The Future of Linux
But while Linux has been successful at the server cluster level, don't expect to see it on many Hess desktops—at least not yet. Sure, Potter's desktop runs on Linux, so he can look at 3-D depth migrations. He's also got a Sun workstation to run GeoQuest and estimates that about 10 percent of what were once Solaris desktop machines run Linux. As more third-party applications become available on Linux, he says, that figure might grow to 30 percent in a couple of years.
CIO Ross expects the migration from Unix to Linux at Hess to continue over the next several years, but he, too, believes the vast majority of desktop machines will remain on Windows. The investment in Windows PCs is largely a sunk cost, Ross says, and users are accustomed to them. Linux will, however, make inroads at the server level, displacing NT and Unix.
Hess' approach dovetails with industry trends. A recent report from the Forrester Group entitled "The Linux Tipping Point" finds that 72 percent of 50 large companies ($1 billion-plus) surveyed intend to use more Linux in 2004, and about a fourth of those are replacing Windows servers with Linux servers. Thirteen of the 50 respondents were using Linux on the desktop or on workstations. "Proprietary Unix is stone-cold dead," says Ted Schadler, who wrote the report for Forrester. Linux is "good enough" for most jobs, he says, delivering the same workloads as, say, Solaris on Sun servers at a fraction of the cost.
Further, Red Hat Inc., the open source operating systems company, has introduced an enterprise version of its software that is more robust than the free, downloadable code and maintains compatibility as older versions are replaced, says Paul Cormier, executive vice president of engineering for Red Hat. "Previously, no thought was given to continuity," he acknowledges, but as Linux use increases across hundreds or thousands of machines, upgrades will become difficult without such compatibility. "Linux is growing up," Cormier says.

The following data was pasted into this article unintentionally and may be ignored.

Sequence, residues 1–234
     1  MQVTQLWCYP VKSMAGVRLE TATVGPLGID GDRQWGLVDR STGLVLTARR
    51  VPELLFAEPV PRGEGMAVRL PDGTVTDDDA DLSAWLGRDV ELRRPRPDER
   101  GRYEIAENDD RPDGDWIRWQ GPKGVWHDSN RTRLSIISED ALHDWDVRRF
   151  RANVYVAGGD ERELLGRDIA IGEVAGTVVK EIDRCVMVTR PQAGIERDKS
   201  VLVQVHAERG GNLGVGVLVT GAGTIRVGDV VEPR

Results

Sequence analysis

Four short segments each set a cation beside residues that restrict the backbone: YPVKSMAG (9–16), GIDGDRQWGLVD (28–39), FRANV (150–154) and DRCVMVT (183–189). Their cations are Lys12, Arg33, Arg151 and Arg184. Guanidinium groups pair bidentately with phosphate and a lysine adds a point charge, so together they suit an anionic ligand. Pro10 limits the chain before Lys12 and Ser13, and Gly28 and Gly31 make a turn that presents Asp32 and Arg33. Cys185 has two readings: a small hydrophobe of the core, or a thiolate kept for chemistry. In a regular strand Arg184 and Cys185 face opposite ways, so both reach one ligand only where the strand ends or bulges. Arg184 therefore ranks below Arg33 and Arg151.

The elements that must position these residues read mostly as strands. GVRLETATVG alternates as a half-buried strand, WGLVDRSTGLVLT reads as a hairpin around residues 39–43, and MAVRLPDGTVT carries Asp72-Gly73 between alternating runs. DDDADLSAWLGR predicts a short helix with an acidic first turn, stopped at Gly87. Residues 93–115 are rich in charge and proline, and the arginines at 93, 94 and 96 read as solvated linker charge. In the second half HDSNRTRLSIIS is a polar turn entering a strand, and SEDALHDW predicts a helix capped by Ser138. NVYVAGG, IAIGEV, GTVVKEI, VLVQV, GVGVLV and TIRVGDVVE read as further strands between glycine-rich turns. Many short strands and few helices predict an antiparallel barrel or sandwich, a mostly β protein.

But will third-party support improve, and can Linux remain united instead of fracturing into various flavors like Unix did two decades ago? AT&T's Bell Laboratories, which developed Unix, liberally licensed it to other users. With no central body governing development, companies like Sun, IBM Corp., Hewlett-Packard Co. and others developed proprietary versions. "What is to prevent the same thing happening to Linux?" Schadler asks.
Back in New York, Hess CIO Ross shares those questions, and says he doesn't want to go down the same road as many Unix proponents, whose motto often seems to be Anything But Microsoft. "In many ways, the whole vendor side of Linux is promulgated upon dislike of Microsoft, which I find to be a flimsy reason," Ross says. "Linux is attractive because it's free, but what's the real technical differentiator?" To be attractive for broader use, Linux "has got to come up with something better than that," Ross adds. Indeed, for Hess' engineering applications, the rationale for moving to Linux was not "let's get rid of Microsoft," but "let's get rid of IBM and Sun," Ross says. As proprietary systems, "they were much more expensive while Linux [as open source] gives us much more control over programming. That's the ultimate differentiator."
To be sure, Hess' Houston lab isn't complaining. When it comes to gathering and analyzing oil exploration information, Linux is helping Hess create a whole new kind of gusher—one it hopes will be able to spew savings for many years to come.
Karen Southwick is a San Francisco-based freelance writer, Debra D'Agostino is a staff reporter for CIO Insight and Marcia Stepanek is the magazine's Executive Editor. Please send comments and questions on this story to firstname.lastname@example.org.
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